“But the various senses incidentally perceive each other’s objects, not as so many separate senses, but as forming a single sense, when there is concurrent perception relating to the same object.”

-Aristotle, de Anima

The questions of how our brain constructs a unified perceptual experience from the myriad of sensory signals in our environment has long intrigued and baffled scientist: from ancient Greek philosopher Aristotle (1, 2), Gestalt psychologist Max Wertheimer (3, transl.), to modern-day psychologist Anne Treisman (4) and neuroscientist Wolf Singer (5).


am Aaron, a neuroscientist and postdoctoral researcher at the University of Rochester under the supervision of Dr. Edmund Lalor. My current research focuses on how the brain tracks the correlation between sensory signals over time, how that signal changes sensory processing, how that change modifies our perceptual experience, and how how that manifests in behavior. More broadly, I’m interested in how selective attention influences binding (and vice-versa) and how it may guide the development of our statistical representation of our multisensory environment. My research combines behavior, computational models, and electroencephalography (EEG) with a combination of well-controlled complex stimuli and more naturalistic stimuli such as human speech to investigate these questions.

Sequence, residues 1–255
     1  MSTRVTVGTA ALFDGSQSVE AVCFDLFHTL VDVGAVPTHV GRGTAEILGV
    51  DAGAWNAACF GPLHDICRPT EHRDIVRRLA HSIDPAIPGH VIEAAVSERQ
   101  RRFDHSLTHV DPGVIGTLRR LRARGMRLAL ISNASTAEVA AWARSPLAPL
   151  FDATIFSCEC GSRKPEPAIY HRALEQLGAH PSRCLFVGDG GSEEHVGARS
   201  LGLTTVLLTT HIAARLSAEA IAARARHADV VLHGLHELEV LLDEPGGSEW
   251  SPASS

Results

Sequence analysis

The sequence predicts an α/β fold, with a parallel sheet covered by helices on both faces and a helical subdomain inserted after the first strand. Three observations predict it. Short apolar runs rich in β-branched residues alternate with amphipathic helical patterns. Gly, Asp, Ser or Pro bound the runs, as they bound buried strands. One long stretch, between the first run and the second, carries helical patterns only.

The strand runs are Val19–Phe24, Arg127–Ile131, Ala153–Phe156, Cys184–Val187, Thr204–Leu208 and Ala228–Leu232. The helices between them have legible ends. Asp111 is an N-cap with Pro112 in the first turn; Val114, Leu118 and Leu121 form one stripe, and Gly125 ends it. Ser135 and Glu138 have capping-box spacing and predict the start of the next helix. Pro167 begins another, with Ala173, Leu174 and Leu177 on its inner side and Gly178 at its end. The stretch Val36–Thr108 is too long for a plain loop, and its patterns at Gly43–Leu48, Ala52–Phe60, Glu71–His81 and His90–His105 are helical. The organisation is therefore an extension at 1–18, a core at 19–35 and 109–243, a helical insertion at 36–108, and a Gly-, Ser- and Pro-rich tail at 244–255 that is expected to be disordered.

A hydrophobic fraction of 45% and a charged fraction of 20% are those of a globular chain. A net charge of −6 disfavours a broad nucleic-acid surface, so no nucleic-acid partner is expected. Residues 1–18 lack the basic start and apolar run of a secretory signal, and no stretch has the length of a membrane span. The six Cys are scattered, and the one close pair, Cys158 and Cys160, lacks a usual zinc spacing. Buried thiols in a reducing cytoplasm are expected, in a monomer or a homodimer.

I came to Rochester from Nashville, Tennessee; I received my PhD in Hearing and Speech Sciences from Vanderbilt University in the lab of Dr. Mark Wallace. I also have a BS in Neuroscience from King College (now King University) in Bristol, Tennessee.